Motives of Heterosexual Allies in Collective Action for Equality

Authors

  • Glenda M. Russell

    Corresponding author
    1. University of Colorado
      Correspondence concerning this article should be addressed to Glenda M. Russell, Counseling and Psychological Services, 104 UCB, University of Colorado, Boulder, CO 80309–0104 [e-mail: gmrussell5@hotmail.com].
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  • The author thanks the following individuals for their help with this research: Anne Clark, Sandy Dixon, Mayday Levine, Robin Lopez, Autumn Porubsky, Jim Davis Rosenthal, Samantha Rukert, Marcia Westkott, Carmen Williams, and especially Janis Bohan, David Lilly, Karen Raforth, and the allies who shared their journeys.

Correspondence concerning this article should be addressed to Glenda M. Russell, Counseling and Psychological Services, 104 UCB, University of Colorado, Boulder, CO 80309–0104 [e-mail: gmrussell5@hotmail.com].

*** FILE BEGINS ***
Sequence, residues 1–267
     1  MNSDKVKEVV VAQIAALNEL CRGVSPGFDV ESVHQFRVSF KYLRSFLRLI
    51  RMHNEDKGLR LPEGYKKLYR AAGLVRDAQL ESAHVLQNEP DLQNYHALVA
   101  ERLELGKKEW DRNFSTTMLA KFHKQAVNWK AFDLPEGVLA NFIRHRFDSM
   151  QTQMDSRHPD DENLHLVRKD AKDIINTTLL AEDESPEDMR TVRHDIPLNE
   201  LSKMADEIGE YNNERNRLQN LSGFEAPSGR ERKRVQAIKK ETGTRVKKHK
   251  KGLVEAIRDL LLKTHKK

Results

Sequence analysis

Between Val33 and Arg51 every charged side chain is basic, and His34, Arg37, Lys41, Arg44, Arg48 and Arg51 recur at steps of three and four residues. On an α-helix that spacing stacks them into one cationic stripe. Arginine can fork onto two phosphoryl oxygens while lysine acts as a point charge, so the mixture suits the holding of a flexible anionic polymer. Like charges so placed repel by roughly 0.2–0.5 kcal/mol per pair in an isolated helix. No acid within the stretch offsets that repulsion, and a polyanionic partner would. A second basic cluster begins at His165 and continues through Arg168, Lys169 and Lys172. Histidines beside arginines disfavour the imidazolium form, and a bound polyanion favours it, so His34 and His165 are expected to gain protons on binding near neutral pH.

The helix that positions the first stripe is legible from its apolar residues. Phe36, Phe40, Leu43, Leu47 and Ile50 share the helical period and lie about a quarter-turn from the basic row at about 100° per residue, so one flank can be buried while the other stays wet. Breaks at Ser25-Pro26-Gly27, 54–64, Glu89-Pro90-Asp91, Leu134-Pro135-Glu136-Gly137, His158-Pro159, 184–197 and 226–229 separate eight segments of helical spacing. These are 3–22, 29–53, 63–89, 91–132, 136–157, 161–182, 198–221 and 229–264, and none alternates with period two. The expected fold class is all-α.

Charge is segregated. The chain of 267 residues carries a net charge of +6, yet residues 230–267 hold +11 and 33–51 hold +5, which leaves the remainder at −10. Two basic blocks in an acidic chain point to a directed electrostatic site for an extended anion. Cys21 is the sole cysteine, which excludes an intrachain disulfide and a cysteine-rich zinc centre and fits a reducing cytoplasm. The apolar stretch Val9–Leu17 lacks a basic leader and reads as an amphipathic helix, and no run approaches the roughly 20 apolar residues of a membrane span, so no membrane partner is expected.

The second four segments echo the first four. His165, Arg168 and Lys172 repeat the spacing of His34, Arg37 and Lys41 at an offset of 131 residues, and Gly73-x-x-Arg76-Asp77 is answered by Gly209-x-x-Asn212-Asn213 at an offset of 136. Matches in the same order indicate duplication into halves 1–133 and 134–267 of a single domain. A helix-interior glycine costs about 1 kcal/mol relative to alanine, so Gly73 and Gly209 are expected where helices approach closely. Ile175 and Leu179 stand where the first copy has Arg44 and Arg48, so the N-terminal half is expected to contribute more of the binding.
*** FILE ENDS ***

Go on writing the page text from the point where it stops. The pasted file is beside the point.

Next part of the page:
Abstract

The literature on collective action in support of equality without regard to sexual orientation or gender identity has emphasized the role of lesbian, gay, bisexual, and transgender (LGBT) activists. Relatively little attention has been given to the role of members of the advantaged group, heterosexual allies who work for equality. This study presents data from an ongoing study of 127 allies who have been visibly active in these efforts in the United States. The findings suggest two major sets of ally motives: those rooted in fundamental principles (justice, civil rights, patriotism, religious beliefs, moral principles, and using privilege to positive ends) and those based on personal experiences or roles (professional roles, family relationships, valuing marriage, achieving closure on personal experiences, transforming guilt, and anger). The findings suggest that the concept of opinion-based groups holds promise for conceptualizing and mobilizing LGBT–ally collective action.

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